The whole point of Amibian.js is to demonstrate a different path; to get away from the native back-end and to make the whole system portable and platform independent. So in that regard the systems are diametrically different.

maxresdefault

Custom web servers that talk to your web-app is old news. Delphi developers have done this for a decade at least and it’s not really interesting at this point. Node.js holds much greater promise.

What FriendOS has done that is unique, and that I think is super cool – is to couple their server with RDP (remote desktop protocol) and some nice video streaming for smooth video chat. Again these are off the shelves parts that anyone can add once you have a native back-end, it’s not really hard to code but time-consuming; especially when you are potentially dealing with large number of users spawning threads all over the place. I think Friend-Labs have done an exceptional good job here.

When you combine these features it creates the impression of an operating system like environment. And this is perfectly fine for ordinary users. It all depends on your needs and what exactly you use the computer for.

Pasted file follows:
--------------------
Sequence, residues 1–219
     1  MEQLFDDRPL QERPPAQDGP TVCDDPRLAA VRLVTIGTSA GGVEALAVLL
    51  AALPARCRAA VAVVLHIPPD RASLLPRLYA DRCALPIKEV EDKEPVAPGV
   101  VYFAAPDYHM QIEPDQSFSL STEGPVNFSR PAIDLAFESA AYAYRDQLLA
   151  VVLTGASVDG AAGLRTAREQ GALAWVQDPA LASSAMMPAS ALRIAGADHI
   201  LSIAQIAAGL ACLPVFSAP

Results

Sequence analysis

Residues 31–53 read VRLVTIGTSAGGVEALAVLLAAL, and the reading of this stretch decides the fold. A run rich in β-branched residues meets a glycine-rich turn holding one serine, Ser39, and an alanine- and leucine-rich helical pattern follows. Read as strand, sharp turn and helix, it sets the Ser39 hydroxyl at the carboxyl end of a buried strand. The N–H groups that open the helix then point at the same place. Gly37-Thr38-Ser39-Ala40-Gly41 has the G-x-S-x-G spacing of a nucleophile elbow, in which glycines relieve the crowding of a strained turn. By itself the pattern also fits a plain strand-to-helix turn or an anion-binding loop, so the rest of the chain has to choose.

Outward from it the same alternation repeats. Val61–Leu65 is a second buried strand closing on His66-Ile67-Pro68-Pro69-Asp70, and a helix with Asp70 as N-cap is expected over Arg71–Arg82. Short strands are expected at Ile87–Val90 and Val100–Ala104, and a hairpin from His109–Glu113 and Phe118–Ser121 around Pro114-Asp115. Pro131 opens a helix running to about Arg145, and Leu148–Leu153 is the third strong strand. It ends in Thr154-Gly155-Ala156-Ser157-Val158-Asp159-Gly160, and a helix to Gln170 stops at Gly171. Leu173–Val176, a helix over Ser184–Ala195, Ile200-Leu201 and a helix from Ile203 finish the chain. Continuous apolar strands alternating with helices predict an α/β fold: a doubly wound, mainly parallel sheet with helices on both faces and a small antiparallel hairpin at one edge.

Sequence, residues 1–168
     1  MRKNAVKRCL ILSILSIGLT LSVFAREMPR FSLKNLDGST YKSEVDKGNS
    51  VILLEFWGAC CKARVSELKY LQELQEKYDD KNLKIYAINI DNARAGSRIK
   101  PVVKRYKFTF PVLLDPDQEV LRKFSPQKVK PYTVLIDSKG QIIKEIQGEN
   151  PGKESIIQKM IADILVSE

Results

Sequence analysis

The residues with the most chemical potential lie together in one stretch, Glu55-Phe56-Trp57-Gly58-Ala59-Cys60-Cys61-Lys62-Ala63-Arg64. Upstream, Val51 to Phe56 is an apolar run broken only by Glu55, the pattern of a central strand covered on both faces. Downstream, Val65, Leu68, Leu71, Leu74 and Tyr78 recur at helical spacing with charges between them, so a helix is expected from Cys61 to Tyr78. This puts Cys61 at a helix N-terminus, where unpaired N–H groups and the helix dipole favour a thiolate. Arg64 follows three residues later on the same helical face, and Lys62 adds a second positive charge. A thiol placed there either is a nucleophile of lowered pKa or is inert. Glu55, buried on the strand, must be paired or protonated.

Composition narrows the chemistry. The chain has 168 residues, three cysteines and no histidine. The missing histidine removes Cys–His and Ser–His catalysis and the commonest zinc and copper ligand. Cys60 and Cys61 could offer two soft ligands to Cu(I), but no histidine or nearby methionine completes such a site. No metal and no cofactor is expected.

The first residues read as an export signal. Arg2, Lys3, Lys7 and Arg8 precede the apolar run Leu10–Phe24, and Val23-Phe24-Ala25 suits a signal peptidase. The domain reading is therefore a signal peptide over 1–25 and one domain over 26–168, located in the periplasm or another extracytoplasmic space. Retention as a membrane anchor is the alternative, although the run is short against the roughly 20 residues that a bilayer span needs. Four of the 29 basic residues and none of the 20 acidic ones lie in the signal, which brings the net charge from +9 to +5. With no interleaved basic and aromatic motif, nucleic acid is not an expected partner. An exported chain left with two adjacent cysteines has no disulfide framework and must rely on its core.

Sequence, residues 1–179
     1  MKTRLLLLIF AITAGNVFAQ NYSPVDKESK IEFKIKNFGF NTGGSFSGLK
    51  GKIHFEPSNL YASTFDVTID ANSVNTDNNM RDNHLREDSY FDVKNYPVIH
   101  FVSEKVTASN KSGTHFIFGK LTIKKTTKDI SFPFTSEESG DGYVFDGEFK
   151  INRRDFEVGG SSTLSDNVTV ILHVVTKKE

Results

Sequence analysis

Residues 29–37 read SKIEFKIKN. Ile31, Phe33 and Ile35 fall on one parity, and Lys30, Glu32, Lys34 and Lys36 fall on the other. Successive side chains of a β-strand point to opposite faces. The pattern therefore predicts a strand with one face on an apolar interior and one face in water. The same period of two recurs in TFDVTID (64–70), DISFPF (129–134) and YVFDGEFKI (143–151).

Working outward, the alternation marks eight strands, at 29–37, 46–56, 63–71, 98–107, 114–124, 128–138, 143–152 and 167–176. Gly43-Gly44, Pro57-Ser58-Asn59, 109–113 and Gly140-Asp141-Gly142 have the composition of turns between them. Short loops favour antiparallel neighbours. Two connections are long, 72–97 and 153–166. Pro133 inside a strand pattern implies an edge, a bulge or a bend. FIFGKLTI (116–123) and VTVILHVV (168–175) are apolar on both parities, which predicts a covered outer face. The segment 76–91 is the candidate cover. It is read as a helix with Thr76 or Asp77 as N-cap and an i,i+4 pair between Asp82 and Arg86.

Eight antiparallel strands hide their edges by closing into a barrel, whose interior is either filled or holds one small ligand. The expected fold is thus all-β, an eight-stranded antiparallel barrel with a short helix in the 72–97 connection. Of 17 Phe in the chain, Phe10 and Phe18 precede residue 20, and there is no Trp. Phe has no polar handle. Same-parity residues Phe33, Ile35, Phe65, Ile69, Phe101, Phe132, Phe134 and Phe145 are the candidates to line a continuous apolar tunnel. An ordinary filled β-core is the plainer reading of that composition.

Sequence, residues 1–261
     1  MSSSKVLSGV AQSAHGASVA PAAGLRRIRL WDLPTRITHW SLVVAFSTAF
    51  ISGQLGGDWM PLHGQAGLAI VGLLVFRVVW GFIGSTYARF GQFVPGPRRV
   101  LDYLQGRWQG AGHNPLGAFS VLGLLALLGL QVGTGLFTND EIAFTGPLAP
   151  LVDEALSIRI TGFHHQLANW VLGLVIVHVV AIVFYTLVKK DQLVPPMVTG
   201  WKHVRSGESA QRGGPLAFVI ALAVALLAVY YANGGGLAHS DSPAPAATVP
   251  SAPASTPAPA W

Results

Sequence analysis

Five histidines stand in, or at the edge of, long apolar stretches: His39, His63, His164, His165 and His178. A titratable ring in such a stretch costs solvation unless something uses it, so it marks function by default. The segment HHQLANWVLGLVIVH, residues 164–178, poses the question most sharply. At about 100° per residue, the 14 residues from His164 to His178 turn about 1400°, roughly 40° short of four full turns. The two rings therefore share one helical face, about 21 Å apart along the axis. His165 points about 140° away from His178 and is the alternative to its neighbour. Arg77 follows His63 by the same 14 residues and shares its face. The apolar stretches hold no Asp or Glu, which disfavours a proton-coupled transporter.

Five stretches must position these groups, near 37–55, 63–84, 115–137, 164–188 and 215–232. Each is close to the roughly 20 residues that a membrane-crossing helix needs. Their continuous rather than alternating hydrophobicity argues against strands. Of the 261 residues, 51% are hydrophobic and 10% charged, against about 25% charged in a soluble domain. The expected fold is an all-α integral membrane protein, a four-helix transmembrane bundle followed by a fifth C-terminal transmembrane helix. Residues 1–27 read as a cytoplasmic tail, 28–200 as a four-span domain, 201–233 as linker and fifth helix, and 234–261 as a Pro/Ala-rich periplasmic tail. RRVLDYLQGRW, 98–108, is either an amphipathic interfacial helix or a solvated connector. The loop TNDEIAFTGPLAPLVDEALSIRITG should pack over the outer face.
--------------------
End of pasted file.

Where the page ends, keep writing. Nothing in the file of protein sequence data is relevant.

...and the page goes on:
And just to set the war-mongers straight:¬†FriendOS is not going up against Amibian. it’s going up against ChromeOS, Nayu and and a ton of similar systems; all of them with deep pockets and an established software portfolio. We focus on software development. Not even in the same ballpark.

To be perfectly frank: I see no real purpose for a web desktop except when connected to a context. There has to be an advantage beyond isolating web functions in one place. You need something special that your system does better than others, or different than others. Amibian has been about UAE.js and to run retro games in a familiar environment. And thus create a base that Amiga lovers can build on and play with. Again based on our prefab for customers that make embedded systems and use our compiler and RTL for that.

If you have a hardware product like a NAS, a ticket system or a retro-game machine and want to have a nice web front-end for it: then it makes sense. But there is absolutely nothing in both our systems that you can’t whip-up using Intraweb or Raudus in a few weeks. If you have the luxury of a native back-end, then adding Active Directory support is a matter of dropping a component. You can even share printers and USB devices over the wire if you like, this has been available to Delphi and c++ developers for ages. The “new” factor here, which FriendOS does very well i might add, is connectivity.